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Essential Earthbag Construction: the complete step by step guide, by Kelly Hart  RSS feed

 
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Summary

Earthbag construction — building with polypropylene bags usually filled with earthen materials — is a versatile, easy-to-master, low-impact, and highly durable form of building, suitable for structures from houses to root cellars.

Containing over 75 photos and illustrations, Essential Earthbag Construction is a practical guide to this affordable method of building. Going well beyond the scope of other sources, this indispensable manual is packed with all the information you need to determine if it's the right choice for your project, and to start building. Distilling decades of experience, research, and best practices, it covers:

    Material specifications, performance, and when and where to use it
    Pros and cons of different fills from gravel, to earth and clay, to insulative perlite, rice hulls, and volcanic stone
    Illustrated, step-by-step guidance for efficient bag filling and installation
    Details for various designs, including domes and arches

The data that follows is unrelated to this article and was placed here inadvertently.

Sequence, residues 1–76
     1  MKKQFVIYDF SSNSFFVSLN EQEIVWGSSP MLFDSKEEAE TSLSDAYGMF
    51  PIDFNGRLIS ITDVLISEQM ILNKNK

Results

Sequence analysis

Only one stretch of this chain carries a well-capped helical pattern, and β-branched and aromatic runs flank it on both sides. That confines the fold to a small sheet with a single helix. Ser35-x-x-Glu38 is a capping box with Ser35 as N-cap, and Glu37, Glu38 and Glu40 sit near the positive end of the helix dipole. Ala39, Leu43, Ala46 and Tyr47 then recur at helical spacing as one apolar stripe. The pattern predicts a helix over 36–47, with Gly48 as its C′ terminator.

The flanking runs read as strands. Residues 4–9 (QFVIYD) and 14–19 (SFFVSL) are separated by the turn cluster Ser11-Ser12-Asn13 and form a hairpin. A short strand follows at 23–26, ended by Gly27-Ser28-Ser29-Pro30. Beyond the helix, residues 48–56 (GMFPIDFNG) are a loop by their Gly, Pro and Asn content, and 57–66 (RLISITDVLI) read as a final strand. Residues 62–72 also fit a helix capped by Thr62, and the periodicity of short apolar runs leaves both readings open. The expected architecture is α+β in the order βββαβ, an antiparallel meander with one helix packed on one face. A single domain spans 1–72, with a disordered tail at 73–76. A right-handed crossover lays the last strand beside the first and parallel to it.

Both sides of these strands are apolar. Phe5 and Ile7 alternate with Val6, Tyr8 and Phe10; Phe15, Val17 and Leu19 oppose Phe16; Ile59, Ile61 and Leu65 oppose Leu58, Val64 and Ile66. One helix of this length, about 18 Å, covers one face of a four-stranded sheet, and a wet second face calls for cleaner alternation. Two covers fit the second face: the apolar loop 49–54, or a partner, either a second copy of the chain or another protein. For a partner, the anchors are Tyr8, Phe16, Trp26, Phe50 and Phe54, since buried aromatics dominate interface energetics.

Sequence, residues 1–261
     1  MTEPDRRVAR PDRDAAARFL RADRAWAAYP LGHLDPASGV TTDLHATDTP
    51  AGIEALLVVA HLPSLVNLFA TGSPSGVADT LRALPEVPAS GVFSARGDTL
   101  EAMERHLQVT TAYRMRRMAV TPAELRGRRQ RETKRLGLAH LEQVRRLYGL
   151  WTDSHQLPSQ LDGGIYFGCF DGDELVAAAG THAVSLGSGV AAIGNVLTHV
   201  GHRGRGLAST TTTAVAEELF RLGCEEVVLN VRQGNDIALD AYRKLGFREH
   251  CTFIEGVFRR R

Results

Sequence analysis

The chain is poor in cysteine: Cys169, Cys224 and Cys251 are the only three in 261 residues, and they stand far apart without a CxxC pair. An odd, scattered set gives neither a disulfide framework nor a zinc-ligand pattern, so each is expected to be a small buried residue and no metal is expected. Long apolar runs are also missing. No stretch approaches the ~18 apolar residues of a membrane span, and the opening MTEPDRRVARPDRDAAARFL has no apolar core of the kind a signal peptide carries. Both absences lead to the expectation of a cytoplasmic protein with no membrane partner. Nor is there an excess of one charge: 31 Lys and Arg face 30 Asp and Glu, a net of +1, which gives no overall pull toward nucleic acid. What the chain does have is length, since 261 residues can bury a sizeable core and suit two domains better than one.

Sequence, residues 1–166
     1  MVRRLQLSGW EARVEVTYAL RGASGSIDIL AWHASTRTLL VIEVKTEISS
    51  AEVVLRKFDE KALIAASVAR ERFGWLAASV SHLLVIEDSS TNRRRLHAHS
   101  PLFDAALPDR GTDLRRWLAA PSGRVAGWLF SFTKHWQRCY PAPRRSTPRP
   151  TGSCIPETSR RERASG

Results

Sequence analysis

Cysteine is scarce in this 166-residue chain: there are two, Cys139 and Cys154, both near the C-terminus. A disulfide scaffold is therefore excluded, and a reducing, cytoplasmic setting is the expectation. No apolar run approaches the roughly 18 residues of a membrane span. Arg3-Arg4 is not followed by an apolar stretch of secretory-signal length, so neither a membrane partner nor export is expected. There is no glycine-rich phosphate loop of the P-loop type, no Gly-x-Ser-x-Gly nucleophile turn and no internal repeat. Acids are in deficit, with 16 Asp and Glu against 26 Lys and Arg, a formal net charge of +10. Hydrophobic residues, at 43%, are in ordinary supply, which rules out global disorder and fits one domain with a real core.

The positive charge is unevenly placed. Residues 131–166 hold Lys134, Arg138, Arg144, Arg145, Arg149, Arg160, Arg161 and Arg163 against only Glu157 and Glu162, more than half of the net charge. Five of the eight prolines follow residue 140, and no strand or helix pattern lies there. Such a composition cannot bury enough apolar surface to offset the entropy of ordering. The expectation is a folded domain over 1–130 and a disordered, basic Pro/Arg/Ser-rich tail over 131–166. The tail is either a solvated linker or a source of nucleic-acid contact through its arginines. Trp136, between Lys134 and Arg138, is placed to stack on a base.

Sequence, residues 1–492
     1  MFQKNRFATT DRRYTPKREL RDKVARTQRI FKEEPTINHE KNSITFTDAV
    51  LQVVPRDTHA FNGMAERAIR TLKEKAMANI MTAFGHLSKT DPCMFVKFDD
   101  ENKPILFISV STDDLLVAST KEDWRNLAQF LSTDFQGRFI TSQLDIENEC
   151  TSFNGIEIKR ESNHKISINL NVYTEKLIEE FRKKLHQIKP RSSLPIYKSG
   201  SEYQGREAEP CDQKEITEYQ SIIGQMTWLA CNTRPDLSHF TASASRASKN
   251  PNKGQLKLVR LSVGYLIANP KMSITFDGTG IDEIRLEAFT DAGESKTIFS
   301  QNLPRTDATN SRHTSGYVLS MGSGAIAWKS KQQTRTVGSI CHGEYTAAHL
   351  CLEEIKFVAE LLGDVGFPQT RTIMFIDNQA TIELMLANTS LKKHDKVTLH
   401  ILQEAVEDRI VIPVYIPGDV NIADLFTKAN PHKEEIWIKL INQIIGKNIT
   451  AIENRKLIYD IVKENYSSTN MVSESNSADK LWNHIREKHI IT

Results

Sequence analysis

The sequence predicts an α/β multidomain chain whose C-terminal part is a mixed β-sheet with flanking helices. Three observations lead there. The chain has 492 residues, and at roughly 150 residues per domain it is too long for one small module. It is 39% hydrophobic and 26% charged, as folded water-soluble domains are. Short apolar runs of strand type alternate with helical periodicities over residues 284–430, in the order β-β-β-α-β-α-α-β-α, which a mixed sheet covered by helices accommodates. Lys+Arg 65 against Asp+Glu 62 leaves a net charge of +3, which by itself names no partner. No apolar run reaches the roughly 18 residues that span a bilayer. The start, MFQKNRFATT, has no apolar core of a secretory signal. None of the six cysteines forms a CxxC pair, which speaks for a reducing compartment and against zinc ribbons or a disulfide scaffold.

Foundation options and seismic and stability considerations
    Finishing and maintenance techniques
    Tools and materials
    Additional resources.

Essential Earthbag Construction presents the practical guidance and best practices for both the DIYer and professional to design and build high-quality earthbag structures.

Where to get it?

Amazon.com
Amazon.co.uk
Powell's

Related Books and Magazines

Earthbag Architecture: Building Your Dream with Bags
by Kelly Hart

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Amazon.ca
Amazon.co.uk


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Julia Winter
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I give this book 9.9 out of 10 acorns.  It's not the author's first book on this topic, and his depth of experience is apparent.  This is a very thorough book, covering what seems to be every aspect of designing and building a safe, strong and inexpensive structure using earth bags or earth tubes.  I found it striking that none of the 55 earth bag structures in Nepal failed during the devastating 2015 earthquake - that's quite a testament to their safety!
He is right up front in listing the limitations of earth bag construction (they're best at making round structures no more than 20 feet in diameter, for example) early in the book, in Chapter 2.  He gives detailed instruction in what sorts of material are needed, and some advice on how to locate what you need.  I might not have realized that plain sand isn't a good material, because it can change shape in the bags, leading to the collapse of your dome!
There is an amazing amount of highly detailed and practical information, plus many many inspiring photos of successful buildings. He covers all the steps you will go through building a house, from foundation to finishing plasters, and covering how to incorporate plumbing and electrical wiring. The focus is mainly on building housing, although he also covers using earthbags to build retaining walls, dams, and root cellars.
 
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